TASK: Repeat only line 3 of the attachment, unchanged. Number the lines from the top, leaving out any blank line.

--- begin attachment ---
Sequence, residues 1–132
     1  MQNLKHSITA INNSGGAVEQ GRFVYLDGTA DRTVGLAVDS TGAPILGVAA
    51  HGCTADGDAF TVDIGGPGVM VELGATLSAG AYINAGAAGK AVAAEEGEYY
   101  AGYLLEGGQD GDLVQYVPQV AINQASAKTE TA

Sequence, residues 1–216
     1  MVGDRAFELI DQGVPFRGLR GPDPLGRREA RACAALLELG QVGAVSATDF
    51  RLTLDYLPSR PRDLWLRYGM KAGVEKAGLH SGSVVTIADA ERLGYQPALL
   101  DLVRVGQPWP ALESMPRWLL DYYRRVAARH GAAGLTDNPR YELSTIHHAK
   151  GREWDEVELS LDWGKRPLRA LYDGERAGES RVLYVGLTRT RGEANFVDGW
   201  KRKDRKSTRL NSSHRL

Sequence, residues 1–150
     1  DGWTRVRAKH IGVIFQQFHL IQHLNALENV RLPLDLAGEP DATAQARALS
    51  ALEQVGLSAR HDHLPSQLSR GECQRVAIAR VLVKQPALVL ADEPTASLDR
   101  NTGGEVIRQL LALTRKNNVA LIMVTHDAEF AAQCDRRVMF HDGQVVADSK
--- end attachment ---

    51  HGCTADGDAF TVDIGGPGVM VELGATLSAG AYINAGAAGK AVAAEEGEYY